Marsden Park's Bandstand hosts sounds amid the rockery
Marsden Park and bandstand have long been an integral part of the Marsden Jazz Festival. The bandstand has been a venue for musicians for many years. Originally affected by the weather, recent improvements have included lighting, an electricity supply for microphones and the addition of panels, designed and manufactured to provide musicians with some shelter from the elements, particularly with the festival taking place in October!
But have you ever considered how it came about?
It was during social reform in the 1850’s that attention was given to the plight of the poor and provision for public parks formed a part of this, through the Parks Movement. As a respite from poor living and working conditions, and to improve health and wellbeing, Marsden followed the national trend with some of its wealthy industrialists donating a large field opposite Ing Head, for the purpose of a ‘pleasure ground’.
Commissioned and built between 1910 and 1912, as the only public recreational space in the village, the park was designed with features common in other parks. These included a lodge at the park entrance, enabling the park keeper to monitor visitors and day to day park activity. Other features included a bandstand, bowling green and tennis court.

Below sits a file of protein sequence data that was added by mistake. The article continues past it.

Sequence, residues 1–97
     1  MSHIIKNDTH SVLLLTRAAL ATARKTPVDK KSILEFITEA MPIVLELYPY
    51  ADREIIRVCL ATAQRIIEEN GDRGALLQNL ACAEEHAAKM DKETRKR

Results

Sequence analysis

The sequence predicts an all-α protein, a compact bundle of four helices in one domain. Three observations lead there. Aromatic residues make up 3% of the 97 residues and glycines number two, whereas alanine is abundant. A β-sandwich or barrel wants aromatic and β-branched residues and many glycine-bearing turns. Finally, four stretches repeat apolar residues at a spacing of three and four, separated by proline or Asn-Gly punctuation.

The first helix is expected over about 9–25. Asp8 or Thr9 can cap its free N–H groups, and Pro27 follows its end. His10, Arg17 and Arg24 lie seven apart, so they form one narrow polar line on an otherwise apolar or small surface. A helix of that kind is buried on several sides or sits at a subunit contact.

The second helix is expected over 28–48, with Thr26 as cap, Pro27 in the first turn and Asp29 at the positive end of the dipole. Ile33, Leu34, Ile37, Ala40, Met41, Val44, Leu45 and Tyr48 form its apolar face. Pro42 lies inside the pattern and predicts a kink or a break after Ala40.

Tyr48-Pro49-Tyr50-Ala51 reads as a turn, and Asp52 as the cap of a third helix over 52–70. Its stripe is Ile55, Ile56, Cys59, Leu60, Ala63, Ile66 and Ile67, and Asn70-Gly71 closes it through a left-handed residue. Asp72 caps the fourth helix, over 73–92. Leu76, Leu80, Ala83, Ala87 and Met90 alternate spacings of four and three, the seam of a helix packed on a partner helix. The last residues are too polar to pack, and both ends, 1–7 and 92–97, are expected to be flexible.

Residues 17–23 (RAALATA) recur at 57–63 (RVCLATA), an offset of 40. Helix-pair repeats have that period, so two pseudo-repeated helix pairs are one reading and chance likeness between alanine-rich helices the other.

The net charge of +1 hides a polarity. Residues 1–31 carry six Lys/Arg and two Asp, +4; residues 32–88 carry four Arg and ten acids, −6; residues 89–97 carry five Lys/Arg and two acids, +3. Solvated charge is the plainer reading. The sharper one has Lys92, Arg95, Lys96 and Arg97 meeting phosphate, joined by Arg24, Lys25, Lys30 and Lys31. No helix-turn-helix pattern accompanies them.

The planting of hardy plants and trees formed an important part of the park. Few of the population had their own gardens at this time and the park was thus able to provide both access to nature and the opportunity to learn about horticulture. A perimeter path was designed to encourage visitors to take a healthy walk in the fresh air. Seating was also given high priority.
‘The seating should face a view, to enrich the soul of the park visitor’
‘This new park was a place of beauty and relaxation, set in the midst of the industry and mills of Edwardian Marsden. It was the only park in the Colne Valley.
The park’s rich history of music started right at the beginning, with records showing the first concert performance of Marsden Brass Band in May 1912. According to the Colne Valley Guardian, ‘quite a large number of people listened to the programme of music submitted and expressions of satisfaction and pleasure were frequently heard’.
Band concerts have proved to be enduringly popular with local inhabitants throughout the years. There are frequent references in council minutes to the booking of bands to play in the bandstand throughout the summer months and many local newspaper reports about the excellent concerts.
Marsden’s last resident park keeper, John Casson, recalled that you would know when the band was on its way as you would hear them playing as they marched up Peel Street to advertise the fact that they were going to be playing in the park.
With thanks to The Friends of Marsden Park for allowing us to use information from Marsden Park Centenary 1912 – 2012, A History of Marsden Park by Friends of Marsden Park.